12.
PLoS One ; 16(11): e0259910, 2021.
Article in English | MEDLINE | ID: covidwho-1581787

ABSTRACT

BACKGROUND: Clinical observations have shown that there is a relationship between coronavirus disease 2019 (COVID-19) and atypical lymphocytes in the peripheral blood; however, knowledge about the time course of the changes in atypical lymphocytes and the association with the clinical course of COVID-19 is limited. OBJECTIVE: Our purposes were to investigate the dynamics of atypical lymphocytes in COVID-19 patients and to estimate their clinical significance for diagnosis and monitoring disease course. MATERIALS AND METHODS: We retrospectively identified 98 inpatients in a general ward at Kashiwa Municipal Hospital from May 1st, 2020, to October 31st, 2020. We extracted data on patient demographics, symptoms, comorbidities, blood test results, radiographic findings, treatment after admission and clinical course. We compared clinical findings between patients with and without atypical lymphocytes, investigated the behavior of atypical lymphocytes throughout the clinical course of COVID-19, and determined the relationships among the development of pneumonia, the use of supplemental oxygen and the presence of atypical lymphocytes. RESULTS: Patients with atypical lymphocytes had a significantly higher prevalence of pneumonia (80.4% vs. 42.6%, p < 0.0001) and the use of supplemental oxygen (25.5% vs. 4.3%, p = 0.0042). The median time to the appearance of atypical lymphocytes after disease onset was eight days, and atypical lymphocytes were observed in 16/98 (16.3%) patients at the first visit. Atypical lymphocytes appeared after the confirmation of lung infiltrates in 31/41 (75.6%) patients. Of the 13 oxygen-treated patients with atypical lymphocytes, approximately two-thirds had a stable or improved clinical course after the appearance of atypical lymphocytes. CONCLUSION: Atypical lymphocytes frequently appeared in the peripheral blood of COVID-19 patients one week after disease onset. Patients with atypical lymphocytes were more likely to have pneumonia and to need supplemental oxygen; however, two-thirds of them showed clinical improvement after the appearance of atypical lymphocytes.


Subject(s)
COVID-19/diagnosis , Leukocyte Disorders/diagnosis , Pneumonia/diagnosis , Respiratory Tract Infections/diagnosis , Adult , COVID-19/complications , COVID-19/epidemiology , COVID-19/virology , Female , Hospitalization , Humans , Intensive Care Units , Leukocyte Disorders/complications , Leukocyte Disorders/epidemiology , Leukocyte Disorders/virology , Leukocytes, Mononuclear/pathology , Lymphocytes/pathology , Male , Middle Aged , Oxygen/blood , Pneumonia/blood , Pneumonia/epidemiology , Pneumonia/virology , Respiratory Tract Infections/complications , Respiratory Tract Infections/epidemiology , Respiratory Tract Infections/virology , SARS-CoV-2/pathogenicity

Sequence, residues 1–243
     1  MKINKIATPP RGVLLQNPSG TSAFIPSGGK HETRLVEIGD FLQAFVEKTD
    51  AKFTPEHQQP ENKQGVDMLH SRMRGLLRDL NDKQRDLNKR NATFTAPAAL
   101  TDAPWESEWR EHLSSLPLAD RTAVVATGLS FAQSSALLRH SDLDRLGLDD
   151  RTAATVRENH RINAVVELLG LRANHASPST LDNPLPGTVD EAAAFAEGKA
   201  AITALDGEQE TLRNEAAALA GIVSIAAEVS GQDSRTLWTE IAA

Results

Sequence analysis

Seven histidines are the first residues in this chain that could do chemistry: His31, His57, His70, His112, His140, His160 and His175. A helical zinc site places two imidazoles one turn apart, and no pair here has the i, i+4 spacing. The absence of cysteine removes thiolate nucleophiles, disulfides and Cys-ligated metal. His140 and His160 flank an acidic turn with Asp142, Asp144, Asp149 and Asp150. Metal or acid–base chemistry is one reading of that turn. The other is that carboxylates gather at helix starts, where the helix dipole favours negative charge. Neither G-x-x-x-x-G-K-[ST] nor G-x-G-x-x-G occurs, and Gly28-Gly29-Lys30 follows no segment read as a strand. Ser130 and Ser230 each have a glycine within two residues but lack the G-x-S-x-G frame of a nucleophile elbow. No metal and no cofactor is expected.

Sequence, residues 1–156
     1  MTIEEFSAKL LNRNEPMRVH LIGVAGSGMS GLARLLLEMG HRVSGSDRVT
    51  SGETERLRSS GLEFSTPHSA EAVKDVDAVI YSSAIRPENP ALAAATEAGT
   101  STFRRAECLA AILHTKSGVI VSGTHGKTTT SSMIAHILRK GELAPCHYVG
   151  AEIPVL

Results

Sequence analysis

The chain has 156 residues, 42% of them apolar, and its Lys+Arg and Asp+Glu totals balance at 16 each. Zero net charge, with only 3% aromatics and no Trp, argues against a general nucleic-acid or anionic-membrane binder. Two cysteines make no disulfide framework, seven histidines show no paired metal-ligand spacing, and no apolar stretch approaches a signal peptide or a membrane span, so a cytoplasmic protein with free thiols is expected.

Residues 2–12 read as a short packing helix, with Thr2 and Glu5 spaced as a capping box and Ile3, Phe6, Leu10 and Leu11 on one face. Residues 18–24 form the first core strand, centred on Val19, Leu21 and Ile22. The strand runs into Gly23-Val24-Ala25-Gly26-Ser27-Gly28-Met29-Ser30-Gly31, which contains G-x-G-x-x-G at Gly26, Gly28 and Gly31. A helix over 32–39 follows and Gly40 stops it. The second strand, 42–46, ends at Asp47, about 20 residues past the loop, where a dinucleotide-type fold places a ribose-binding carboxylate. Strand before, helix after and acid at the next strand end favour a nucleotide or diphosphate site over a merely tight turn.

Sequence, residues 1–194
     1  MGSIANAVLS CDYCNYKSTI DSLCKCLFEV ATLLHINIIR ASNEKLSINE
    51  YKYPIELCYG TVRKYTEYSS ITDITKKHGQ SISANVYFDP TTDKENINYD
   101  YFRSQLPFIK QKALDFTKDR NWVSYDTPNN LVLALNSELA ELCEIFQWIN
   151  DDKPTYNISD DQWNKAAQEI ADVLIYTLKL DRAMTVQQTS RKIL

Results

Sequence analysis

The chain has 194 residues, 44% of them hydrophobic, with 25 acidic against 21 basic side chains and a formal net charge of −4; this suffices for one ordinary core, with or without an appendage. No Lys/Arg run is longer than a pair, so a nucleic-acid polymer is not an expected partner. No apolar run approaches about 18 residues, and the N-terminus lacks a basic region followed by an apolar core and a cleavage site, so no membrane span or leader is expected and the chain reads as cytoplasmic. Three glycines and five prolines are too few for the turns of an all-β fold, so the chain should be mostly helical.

13.
J Med Virol ; 94(4): 1289-1291, 2022 Apr.
Article in English | MEDLINE | ID: covidwho-1589037

ABSTRACT

In December 2019, a new type of virus, coronavirus disease 2019 broke out globally and caused great harm. The virus mutates rapidly, and more research reports are urgently needed to increase our understanding of the disease. We found the reversed halo sign (RHS) occurred in the imaging manifestations of severe acute respiratory syndrome coronavirus 2 delta variant of concern pneumonia. In the absence of pathology, the mechanism is unknown. Therefore, we reported two cases of RHS and tried to speculate the pathological mechanism through multiple computed tomography follow-up comparisons to judge the prognosis of the disease.


Subject(s)
COVID-19/diagnostic imaging , SARS-CoV-2/pathogenicity , COVID-19/pathology , COVID-19/virology , Female , Follow-Up Studies , Humans , Male , Middle Aged , Pneumonia/diagnostic imaging , Pneumonia/pathology , Pneumonia/virology , Prognosis , SARS-CoV-2/isolation & purification , Tomography, X-Ray Computed
14.
Crit Care ; 25(1): 417, 2021 12 06.
Article in English | MEDLINE | ID: covidwho-1555803

ABSTRACT